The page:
The effect of age and time to death on health care expenditures: the Italian experience
A large body of literature, mainly based on hospital costs, shows that time to death (TTD) is by far a better predictor of health spending than age. In this paper, we investigate if this finding holds true also in presence of outpatient costs (drugs, diagnostic tests and specialist visits). Our analysis is based on data obtained from the Health Search-SiSSI database, which contains patient-level data collected routinely by General Practitioners in Italy since 2002. We study individuals aged 19 and older, during years 2006-2009. By means of a two-part model, which accounts for the presence of zero expenditure, we find that TTD is a good predictor of outpatient costs in Italy, but age remains a strong driver. These results suggest that age and TTD can have different role in shaping health care costs according to the component of health expenditure examined. Therefore, our advice to policy makers is to use disaggregated models to better disentangle these contributions in order to produce more reliable health spending forecasts.
|Date of creation:||08 Mar 2013|
|Date of revision:||12 Nov 2013|
|Contact details of provider:|| Postal: CEIS - Centre for Economic and International Studies - Faculty of Economics - University of Rome "Tor Vergata" - Via Columbia, 2 00133 Roma|
Web page: http://www.ceistorvergata.it
More information through EDIRC
|Order Information:|| Postal: CEIS - Centre for Economic and International Studies - Faculty of Economics - University of Rome "Tor Vergata" - Via Columbia, 2 00133 Roma|
Web: http://www.ceistorvergata.it Email:
Please report citation or reference errors to , or , if you are the registered author of the cited work, log in to your RePEc Author Service profile, click on "citations" and make appropriate adjustments.:
- Brigitte Dormont & Hélène Huber, 2006. "Causes of Health Expenditure Growth: the Predominance of Changes in Medical Practices Over Population Ageing," Annals of Economics and Statistics, GENES, issue 83-84, pages 187-217.
- Colombier, Carsten & Weber, Werner, 2009.
"Projecting health-care expenditure for Switzerland: further evidence against the 'red-herring' hypothesis,"
26747, University Library of Munich, Germany, revised Nov 2009.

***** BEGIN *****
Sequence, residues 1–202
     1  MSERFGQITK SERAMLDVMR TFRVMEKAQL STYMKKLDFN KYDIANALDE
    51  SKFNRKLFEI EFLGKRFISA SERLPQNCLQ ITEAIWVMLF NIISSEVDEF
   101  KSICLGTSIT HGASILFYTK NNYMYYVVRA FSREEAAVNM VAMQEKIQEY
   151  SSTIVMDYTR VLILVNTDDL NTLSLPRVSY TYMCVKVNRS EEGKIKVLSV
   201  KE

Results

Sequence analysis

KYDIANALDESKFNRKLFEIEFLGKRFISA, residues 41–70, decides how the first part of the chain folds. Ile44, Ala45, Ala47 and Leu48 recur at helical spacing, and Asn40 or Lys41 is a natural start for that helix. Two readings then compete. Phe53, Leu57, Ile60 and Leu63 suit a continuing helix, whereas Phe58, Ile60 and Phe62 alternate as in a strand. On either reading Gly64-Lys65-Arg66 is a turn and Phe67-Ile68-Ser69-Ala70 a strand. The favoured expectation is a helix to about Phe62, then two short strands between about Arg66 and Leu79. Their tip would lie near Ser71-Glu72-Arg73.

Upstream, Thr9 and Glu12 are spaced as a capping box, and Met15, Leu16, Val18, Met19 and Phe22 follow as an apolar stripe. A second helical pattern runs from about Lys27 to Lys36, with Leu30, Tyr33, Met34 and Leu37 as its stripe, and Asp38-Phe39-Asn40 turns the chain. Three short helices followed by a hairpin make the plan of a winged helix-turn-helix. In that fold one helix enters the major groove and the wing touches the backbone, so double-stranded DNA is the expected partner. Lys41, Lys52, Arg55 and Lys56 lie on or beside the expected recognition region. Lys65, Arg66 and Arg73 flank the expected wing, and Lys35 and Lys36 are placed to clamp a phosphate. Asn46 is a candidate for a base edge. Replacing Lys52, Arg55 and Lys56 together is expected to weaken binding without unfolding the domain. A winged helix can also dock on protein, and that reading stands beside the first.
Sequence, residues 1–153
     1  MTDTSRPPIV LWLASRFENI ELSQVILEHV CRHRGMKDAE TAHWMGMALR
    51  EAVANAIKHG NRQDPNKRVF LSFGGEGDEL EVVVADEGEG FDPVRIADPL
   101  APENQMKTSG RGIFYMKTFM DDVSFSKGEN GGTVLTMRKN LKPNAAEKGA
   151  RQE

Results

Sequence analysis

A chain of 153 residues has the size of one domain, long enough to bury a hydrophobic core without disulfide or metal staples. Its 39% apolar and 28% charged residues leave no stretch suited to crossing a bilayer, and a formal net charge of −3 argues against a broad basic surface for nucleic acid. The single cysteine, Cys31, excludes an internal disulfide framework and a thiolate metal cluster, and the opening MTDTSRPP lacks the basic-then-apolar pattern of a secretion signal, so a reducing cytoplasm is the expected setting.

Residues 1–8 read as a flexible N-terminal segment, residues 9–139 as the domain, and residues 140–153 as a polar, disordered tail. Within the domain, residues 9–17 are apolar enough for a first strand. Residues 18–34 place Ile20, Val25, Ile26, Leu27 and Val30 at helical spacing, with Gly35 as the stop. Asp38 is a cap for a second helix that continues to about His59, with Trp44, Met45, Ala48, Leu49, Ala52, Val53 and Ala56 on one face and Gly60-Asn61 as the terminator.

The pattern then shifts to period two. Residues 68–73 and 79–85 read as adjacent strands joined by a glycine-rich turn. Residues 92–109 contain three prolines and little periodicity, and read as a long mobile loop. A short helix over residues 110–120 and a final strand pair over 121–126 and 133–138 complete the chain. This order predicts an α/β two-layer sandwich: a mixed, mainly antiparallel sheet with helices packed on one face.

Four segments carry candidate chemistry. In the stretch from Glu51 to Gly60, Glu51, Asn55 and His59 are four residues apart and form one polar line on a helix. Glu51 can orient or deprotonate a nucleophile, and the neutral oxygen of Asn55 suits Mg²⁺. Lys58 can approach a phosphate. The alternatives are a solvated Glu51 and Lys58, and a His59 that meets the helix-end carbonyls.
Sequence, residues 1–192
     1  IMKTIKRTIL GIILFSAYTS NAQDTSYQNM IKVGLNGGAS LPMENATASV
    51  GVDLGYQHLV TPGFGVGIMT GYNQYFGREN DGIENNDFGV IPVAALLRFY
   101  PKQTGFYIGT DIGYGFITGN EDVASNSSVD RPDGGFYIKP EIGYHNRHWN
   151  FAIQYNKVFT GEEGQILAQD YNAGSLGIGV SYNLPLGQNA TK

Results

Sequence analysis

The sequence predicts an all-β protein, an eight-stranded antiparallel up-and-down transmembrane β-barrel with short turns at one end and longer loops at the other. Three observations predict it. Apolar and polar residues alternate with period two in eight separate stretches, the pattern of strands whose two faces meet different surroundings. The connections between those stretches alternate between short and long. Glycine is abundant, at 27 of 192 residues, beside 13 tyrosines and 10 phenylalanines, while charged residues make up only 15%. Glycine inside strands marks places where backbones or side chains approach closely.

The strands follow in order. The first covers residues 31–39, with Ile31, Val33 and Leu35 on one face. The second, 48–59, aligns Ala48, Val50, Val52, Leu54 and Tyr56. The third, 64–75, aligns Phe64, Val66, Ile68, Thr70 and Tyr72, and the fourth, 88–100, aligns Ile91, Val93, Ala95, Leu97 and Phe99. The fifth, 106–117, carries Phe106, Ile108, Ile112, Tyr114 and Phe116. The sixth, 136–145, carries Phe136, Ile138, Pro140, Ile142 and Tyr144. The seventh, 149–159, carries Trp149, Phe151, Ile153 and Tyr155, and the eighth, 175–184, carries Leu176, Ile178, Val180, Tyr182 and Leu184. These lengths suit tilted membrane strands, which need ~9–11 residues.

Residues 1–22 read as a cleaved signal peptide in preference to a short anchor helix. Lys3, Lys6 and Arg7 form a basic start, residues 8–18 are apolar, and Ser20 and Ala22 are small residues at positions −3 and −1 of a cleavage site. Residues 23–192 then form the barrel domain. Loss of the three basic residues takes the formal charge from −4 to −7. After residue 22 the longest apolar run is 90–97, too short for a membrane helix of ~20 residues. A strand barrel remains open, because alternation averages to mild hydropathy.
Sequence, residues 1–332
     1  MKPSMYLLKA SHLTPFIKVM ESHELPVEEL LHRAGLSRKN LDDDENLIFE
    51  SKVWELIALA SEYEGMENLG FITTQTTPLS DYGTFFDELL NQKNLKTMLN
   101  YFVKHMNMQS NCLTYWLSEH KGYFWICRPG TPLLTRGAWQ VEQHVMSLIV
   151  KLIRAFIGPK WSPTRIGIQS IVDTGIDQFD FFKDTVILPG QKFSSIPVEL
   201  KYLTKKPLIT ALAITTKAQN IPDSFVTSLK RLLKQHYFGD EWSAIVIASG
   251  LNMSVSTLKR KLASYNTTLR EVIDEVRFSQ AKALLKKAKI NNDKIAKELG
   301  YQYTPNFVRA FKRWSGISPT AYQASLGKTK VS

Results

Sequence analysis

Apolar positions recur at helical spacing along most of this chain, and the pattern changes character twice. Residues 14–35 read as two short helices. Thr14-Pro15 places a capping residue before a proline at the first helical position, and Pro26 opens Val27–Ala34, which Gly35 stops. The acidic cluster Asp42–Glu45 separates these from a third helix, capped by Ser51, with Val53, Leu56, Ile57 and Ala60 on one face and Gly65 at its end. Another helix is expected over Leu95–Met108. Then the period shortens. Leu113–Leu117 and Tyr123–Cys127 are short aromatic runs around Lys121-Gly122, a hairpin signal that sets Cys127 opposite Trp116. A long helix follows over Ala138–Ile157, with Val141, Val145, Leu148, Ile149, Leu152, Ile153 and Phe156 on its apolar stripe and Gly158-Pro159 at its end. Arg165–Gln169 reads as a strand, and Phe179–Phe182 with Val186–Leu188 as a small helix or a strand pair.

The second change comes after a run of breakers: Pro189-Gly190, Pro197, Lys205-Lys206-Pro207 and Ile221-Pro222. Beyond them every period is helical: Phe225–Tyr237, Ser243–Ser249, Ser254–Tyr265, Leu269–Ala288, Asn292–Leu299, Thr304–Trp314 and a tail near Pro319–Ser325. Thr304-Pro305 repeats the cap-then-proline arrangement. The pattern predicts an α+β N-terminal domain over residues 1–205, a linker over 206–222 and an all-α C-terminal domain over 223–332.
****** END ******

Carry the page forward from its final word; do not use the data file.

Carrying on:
- Colombier, Carsten & Weber, Werner, 2009. "Projecting health-care expenditure for Switzerland: further evidence against the 'red-herring' hypothesis," MPRA Paper 26712, University Library of Munich, Germany, revised Jun 2010.
- Peter Zweifel & Stefan Felder & Andreas Werblow, 2004. "Population Ageing and Health Care Expenditure: New Evidence on the "Red Herring"," The Geneva Papers on Risk and Insurance, The International Association for the Study of Insurance Economics, vol. 29(4), pages 652-666, October.
- Peter Zweifel & Stefan Felder & Andreas Werblow, 2004. "Population Ageing and Health Care Expenditure: New Evidence on the “Red Herring”," The Geneva Papers on Risk and Insurance - Issues and Practice, Palgrave Macmillan;The Geneva Association, vol. 29(4), pages 652-666, October.
- Andreas Werblow & Stefan Felder & Peter Zweifel, 2007. "Population ageing and health care expenditure: a school of 'red herrings'?," Health Economics, John Wiley & Sons, Ltd., vol. 16(10), pages 1109-1126.
- repec:adr:anecst:y:2006:i:83-84:p:08 is not listed on IDEAS
- W. M. T. Westerhout, 2006. "Does Ageing Call for a Reform of the Health Care Sector?," CESifo Economic Studies, CESifo, vol. 52(1), pages 1-31, March.
- Felder, Stefan & Werblow, Andreas & Zweifel, Peter, 2010. "Do red herrings swim in circles? Controlling for the endogeneity of time to death," Journal of Health Economics, Elsevier, vol. 29(2), pages 205-212, March.
- Meena Seshamani & Alastair Gray, 2004. "Ageing and health-care expenditure: the red herring argument revisited," Health Economics, John Wiley & Sons, Ltd., vol. 13(4), pages 303-314.
- Seshamani, Meena & Gray, Alastair M., 2004. "A longitudinal study of the effects of age and time to death on hospital costs," Journal of Health Economics, Elsevier, vol. 23(2), pages 217-235, March.
- Sergi Jiménez-Martín & José M. Labeaga & Maite Martínez-Granado, 2002. "Latent class versus two-part models in the demand for physician services across the European Union," Health Economics, John Wiley & Sons, Ltd., vol. 11(4), pages 301-321.
- de Meijer, Claudine & Koopmanschap, Marc & d' Uva, Teresa Bago & van Doorslaer, Eddy, 2011. "Determinants of long-term care spending: Age, time to death or disability?," Journal of Health Economics, Elsevier, vol. 30(2), pages 425-438, March.
- Zhou Yang & Edward C. Norton & Sally C. Stearns, 2003. "Longevity and Health Care Expenditures," Journals of Gerontology: Series B, Gerontological Society of America, vol. 58(1), pages 2-10.
- Federico Belotti & Partha Deb, 2012. "TWOPM: Stata module to estimate two-part models," Statistical Software Components S457538, Boston College Department of Economics, revised 04 Nov 2015. Full references (including those not matched with items on IDEAS)
When requesting a correction, please mention this item's handle: RePEc:rtv:ceisrp:267. See general information about how to correct material in RePEc.
For technical questions regarding this item, or to correct its authors, title, abstract, bibliographic or download information, contact: (Barbara Piazzi)
If references are entirely missing, you can add them using this form.